You might have felt discouraged from opening your church because you think that the only way of doing it is to be open seven days week from dawn to dusk. Don’t be – there are lots of ways of doing it. If you’re just getting started, the most important thing is to think about what’s easiest for you and your parish to handle and what is going to be most effective. Raise the matter with the PCC and congregation, develop a vision for your hospitality.
Here are some suggestions:
1. Have the church open and unattended during daylight or business hours, with a team of appointed keyholders who open it and lock up.
Have a rota and morning and evening checklists (putting out signs, turning on lights, checking for lost property and making sure no one’s left in the building) for them to follow. Encourage members of the congregation to pop in from time to time during opening hours to keep an eye on things.
2. Open during daylight or business hours with someone in attendance to welcome visitors and provide a discreet security presence.
This could be a volunteer welcomer – you can find advice about that elsewhere in this guide. Alternatively, you could provide passive surveillance by, for example, having the parish office inside the church or else in an adjacent space with clear sightlines to the interior.
3. Open at limited, but clearly advertised times to coincide with when your neighbourhood is active.
If you’re in a business area with lots of office workers but not many residents then think about opening during the lunch breaks – employees of locally based businesses will be keen to get out of the office for a breath of fresh air and glad to have a complete change of scene. If there’s a school nearby, have your opening times coincide with the beginning and end of the school day so that parents can call in when dropping off and collecting children. Even if your church building is used regularly by community groups or a nursery, is there not a gap in the schedule when you could have it open to all visitors?
4. Open just part of the building that you can easily control, such as an entrance lobby, side chapel or transept.
This can work well if your church building is well frequented during the day but you still want to be able to provide a quiet space open to everybody at all times. It’s good if you can choose a part of the building from which the rest of the interior can be clearly viewed.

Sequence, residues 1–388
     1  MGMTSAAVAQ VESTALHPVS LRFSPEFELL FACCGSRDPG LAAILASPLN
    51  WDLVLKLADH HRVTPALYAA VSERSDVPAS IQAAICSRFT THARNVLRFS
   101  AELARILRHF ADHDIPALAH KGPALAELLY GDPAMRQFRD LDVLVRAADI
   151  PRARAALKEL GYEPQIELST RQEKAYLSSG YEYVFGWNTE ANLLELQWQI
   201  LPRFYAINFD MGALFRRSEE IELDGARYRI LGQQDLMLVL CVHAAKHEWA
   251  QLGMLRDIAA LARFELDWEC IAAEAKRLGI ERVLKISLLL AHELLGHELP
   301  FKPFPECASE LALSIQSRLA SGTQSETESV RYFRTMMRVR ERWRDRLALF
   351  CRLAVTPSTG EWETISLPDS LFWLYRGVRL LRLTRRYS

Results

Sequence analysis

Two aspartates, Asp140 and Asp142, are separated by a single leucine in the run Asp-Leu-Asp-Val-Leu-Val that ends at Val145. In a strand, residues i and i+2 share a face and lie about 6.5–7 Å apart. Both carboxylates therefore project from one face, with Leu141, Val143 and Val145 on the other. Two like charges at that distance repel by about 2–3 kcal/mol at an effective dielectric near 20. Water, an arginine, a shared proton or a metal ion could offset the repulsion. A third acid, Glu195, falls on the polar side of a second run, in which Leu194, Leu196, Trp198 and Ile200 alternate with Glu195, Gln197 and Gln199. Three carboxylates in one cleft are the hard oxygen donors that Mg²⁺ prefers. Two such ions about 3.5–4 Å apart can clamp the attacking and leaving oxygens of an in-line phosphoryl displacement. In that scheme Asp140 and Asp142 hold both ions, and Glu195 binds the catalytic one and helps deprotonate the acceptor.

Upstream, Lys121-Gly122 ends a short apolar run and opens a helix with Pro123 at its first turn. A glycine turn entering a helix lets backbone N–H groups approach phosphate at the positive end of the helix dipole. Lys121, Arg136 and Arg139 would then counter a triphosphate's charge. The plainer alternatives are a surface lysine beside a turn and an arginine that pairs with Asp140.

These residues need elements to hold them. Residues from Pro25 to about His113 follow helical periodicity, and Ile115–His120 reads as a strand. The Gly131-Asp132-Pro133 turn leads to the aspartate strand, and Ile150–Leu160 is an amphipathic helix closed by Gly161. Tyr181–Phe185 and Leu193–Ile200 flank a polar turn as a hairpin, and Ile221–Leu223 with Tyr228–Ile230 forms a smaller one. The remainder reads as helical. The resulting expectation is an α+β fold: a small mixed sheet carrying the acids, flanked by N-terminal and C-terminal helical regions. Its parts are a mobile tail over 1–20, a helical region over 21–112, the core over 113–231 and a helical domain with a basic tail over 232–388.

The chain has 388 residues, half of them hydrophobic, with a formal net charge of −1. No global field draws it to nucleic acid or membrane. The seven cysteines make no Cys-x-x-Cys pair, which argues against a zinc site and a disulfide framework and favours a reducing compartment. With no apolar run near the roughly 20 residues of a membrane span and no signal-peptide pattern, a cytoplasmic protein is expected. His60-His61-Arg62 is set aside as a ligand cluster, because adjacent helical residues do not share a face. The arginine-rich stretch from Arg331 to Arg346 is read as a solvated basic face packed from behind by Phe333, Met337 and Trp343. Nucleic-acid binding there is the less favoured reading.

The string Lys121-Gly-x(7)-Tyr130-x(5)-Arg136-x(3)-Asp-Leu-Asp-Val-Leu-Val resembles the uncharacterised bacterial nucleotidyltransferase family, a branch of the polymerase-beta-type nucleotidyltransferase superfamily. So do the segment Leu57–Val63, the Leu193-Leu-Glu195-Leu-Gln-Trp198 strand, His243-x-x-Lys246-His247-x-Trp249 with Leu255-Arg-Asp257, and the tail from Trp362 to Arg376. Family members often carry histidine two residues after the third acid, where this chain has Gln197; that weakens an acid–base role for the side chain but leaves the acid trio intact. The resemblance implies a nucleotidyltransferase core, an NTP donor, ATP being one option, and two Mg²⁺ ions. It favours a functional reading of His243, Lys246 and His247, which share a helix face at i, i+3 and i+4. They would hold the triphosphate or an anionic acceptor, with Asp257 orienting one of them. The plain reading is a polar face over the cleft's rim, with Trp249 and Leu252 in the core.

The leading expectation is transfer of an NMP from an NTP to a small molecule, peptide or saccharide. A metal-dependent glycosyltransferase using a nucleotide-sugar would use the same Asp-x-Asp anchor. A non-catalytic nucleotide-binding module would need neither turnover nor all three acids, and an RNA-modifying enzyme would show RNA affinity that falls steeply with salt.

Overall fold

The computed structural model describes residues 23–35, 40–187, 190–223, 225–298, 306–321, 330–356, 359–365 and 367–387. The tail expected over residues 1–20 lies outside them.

Think carefully about what you can realistically commit to do. It’s better not to be too ambitious when you’re starting out. Start by opening gradually – perhaps for a few hours on a regular basis or during a time like school holidays when you know people will be around – to see what happens. If the initiative is a success, then it’ll quickly build up its own momentum. You can start by holding special open days and use them as an opportunity to get feedback and ideas on what would encourage people to come in. Participating in the annual London Open House event can be a good way of doing this.
Will you provide refreshments and toilet facilities? There’s no doubt that visitors appreciate these facilities, especially if you’re holding events in the church that bring them in for longer periods than casual visitors, but be aware of the commitment of time and resources. Don’t try to beat high street outlets at their own game; instead, think about what your church can offer that they can’t. You can read about how one church in the City of London managed to carve out a successful niche for itself as a coffee shop despite being in an area saturated with them. Have a visitors’ book on display with a column asking people who sign it to say briefly what brought them into the church. Invite comments, find out what they would like to see in the building.
Think about whether you are going to establish any ground rules for behaviour, such as asking visitors not to use mobiles, bring dogs with them or consume food and drink. Signal these clearly by displaying a sign near the entrance. But keep it brief and polite – people who aren’t regular churchgoers are often reticent about stepping foot inside a church because they feel as though they may be inadvertently transgressing rules of behaviour understood only by worshippers.
A sign that states bluntly ‘No using your mobile phone’ is off-putting; a sign that says, ‘Please go outside if you wish to use your mobile – this is a place of tranquillity where people come for quiet prayer and contemplation’ is better. Will you allow people to take photographs inside? Will you be happy if these are uploaded to social media? If you put up a notice asking visitors to obtain permission before taking photographs then make sure that there’s someone around to ask!
You might have come across churches which are kept locked but advertise near the entrance contact details for a keyholder. Ecclesiastical Insurance Group (EIG) advises against this: guaranteeing the safety of keyholders can be difficult, especially if they are put in a position where they have to refuse access. For this reason, it’s better to make the key available from a commercial organisation – say, a nearby café. But wherever you choose, make sure that it’s only a short walk away and that the contact information is prominently displayed and easy to follow. Make sure the door can easily be used and doesn’t need a special knack to open.